Benefits and Uses of Detoxing Herb: Cilantro
When you grow cilantro, you grow two herbs in one! The leaves impart a musky, citrus-like flavor to Chinese, Mexican and Thai cooking. The seeds, called coriander, taste of sage and lemon or orange peel, and season many traditional Indian dishes. Many people are realizing the detoxing properties found in the herb.
Health Benefits of Cilantro
Cilantro can help cleanse the body of toxic metals, it’s an incredible source of antioxidants, it’s loaded with vitamins and minerals, and it has a long history of culinary and therapeutic use. Cilantro helps cleanse the body of toxic metals by supporting the body’s natural detoxification processes. Compounds in cilantro leaf bind to toxic metals and loosen them from affected tissue. This process allows metals to be released from the body naturally. You can access these benefits by consuming the raw leaves or ingesting concentrated extracts. Unfortunately, fresh cilantro goes bad very quickly. If you want to be sure to always have access to its detoxification power, you should grow your own.
How to Grow Cilantro and Harvest Coriander Seeds
Cilantro (Coriandrum sativum) is really two herbs in one. The leaves, called cilantro or Chinese parsley, impart a musky, citrus-like (some even say “soapy”) flavor to Mexican, Chinese and Thai cooking. The tiny, round seeds, called coriander, taste of sage and lemon or orange peel, and season many traditional Indian dishes, especially curries.
Coriander roots also have culinary use. In Southeast Asia, they are dug, chopped and added to salty pickled condiments by many kitchen gardeners.
This is an annual which will need to be replanted each year or grown on a kitchen window sill This easy-to-grow herb is rich in vitamins A and C, and also contains iron and calcium. In the garden, coriander flowers attract beneficial insects. At the flowering and fruit-set stage, the plants give off a slightly acrid smell, which is probably why this herb’s botanical name is derived from the Greek word for “bedbug,” which emits a similar color. In mature seeds, this odor vanishes.
Tips for Growing Cilantro
Cilantro is easy to grow, and it’s convenient to have fresh cilantro ready to use. Cilantro grows quickly and does not always transfer well, so plan on growing your cilantro from seed. Cilantro leaves stop growing and become bitter after the plant flowers. That is why it’s best to plant your cilantro in spring and fall, avoiding the longer, hotter summer days in-between.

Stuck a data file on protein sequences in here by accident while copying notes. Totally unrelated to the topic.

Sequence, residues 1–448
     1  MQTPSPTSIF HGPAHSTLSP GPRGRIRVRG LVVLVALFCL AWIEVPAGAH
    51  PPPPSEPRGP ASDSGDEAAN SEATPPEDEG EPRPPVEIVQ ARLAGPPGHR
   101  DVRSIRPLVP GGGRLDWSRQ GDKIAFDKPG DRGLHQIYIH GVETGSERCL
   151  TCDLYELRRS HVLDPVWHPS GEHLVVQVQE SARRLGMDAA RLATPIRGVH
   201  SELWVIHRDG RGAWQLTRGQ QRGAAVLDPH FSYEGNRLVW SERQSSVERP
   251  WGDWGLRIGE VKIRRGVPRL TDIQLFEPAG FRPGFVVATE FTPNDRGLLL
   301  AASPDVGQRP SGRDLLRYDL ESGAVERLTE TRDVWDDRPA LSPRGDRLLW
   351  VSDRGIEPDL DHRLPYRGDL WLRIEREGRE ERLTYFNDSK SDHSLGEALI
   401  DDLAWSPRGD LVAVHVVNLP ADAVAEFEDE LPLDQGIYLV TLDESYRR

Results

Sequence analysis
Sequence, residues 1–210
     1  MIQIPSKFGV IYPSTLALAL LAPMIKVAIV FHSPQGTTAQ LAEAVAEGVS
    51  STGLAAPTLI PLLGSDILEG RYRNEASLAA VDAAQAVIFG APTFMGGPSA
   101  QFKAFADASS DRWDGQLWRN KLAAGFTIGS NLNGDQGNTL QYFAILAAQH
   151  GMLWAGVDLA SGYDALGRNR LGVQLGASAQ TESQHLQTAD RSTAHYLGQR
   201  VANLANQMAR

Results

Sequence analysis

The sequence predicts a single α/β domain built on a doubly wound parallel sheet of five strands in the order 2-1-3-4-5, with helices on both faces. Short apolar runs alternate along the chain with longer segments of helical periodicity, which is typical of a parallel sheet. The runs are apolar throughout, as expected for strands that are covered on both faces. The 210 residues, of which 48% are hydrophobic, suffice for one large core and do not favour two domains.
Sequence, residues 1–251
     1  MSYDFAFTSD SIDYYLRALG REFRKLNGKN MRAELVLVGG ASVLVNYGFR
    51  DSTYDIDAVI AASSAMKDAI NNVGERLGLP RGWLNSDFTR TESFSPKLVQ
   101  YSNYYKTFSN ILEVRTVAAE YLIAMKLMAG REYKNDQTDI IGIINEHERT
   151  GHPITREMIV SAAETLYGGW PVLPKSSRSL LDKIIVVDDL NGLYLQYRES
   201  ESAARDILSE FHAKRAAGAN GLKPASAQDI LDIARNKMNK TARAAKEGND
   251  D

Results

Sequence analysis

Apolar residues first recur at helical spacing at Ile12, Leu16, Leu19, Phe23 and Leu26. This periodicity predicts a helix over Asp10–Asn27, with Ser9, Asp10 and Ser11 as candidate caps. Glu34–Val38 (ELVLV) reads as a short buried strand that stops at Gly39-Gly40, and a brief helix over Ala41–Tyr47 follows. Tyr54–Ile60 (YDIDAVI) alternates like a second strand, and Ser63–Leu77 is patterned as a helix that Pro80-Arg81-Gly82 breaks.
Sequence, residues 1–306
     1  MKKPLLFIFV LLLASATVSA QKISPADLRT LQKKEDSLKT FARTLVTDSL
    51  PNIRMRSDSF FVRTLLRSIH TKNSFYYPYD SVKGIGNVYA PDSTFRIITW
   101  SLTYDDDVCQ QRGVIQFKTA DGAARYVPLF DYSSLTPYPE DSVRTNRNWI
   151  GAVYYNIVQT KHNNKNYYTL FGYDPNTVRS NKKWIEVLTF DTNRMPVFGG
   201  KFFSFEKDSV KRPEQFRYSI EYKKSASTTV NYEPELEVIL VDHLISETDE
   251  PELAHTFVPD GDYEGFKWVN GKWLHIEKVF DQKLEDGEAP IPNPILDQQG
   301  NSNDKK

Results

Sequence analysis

Plant cilantro seeds in well-drained, well-fertilized soil. Choose a spot that gets full sun. Sow several seeds together one-quarter inch into the soil and six to eight inches apart. Water after planting and when the soil is dry to the touch.
Expect to wait three to four weeks before harvesting the cilantro leaves. Leaves can be harvested anytime during the growing process, but you should wait until the plant is at least six inches in height. If you want to harvest the leaves continually, sow new seeds every two to three weeks. Unlike other herbs, cilantro leaves lose most of their flavor when dried, so it’s better to use them fresh. If you need to preserve them, freezing is the best option. The seeds of the cilantro plant—coriander—require a different approach. The seeds can be used for planting or can be dried and used in a culinary capacity. Wait to harvest the seeds until most have turned brown on the plant. Cut off the stalk a few inches below the seeds. Tie the stalks in bunches and hang them upside down in a brown paper bag. After about five days, the dried seeds should fall from the stalks into the bottom of the bag. You can store the seeds in an airtight, glass container for up to a year. To release the flavors, dry-roast or grind before use.
How to Use Cilantro
Some people find the unique smell and taste of fresh cilantro unpleasant, but those of this opinion are definitely in the minority, because the herb’s popularity has skyrocketed in recent years. Cilantro enthusiasts eagerly eat the leaves raw, chopped into salsas or salads, and layered onto sandwiches.
Cooking With Cilantro Black-Eyed Pea Salsa Recipe Spicy Mango Salsa Recipe Albóndigas (Spanish Meatballs) Recipe Heirloom Tomato Salsa Recipe Pollo Encilantrado (Shredded Chicken in Cilantro Sauce) Recipe Sopa de Cilantro (Cilantro Soup) Recipe Cilantro-Lime Butter Recipe
Does your family enjoy the flavor of cilantro? Share your favorite recipe.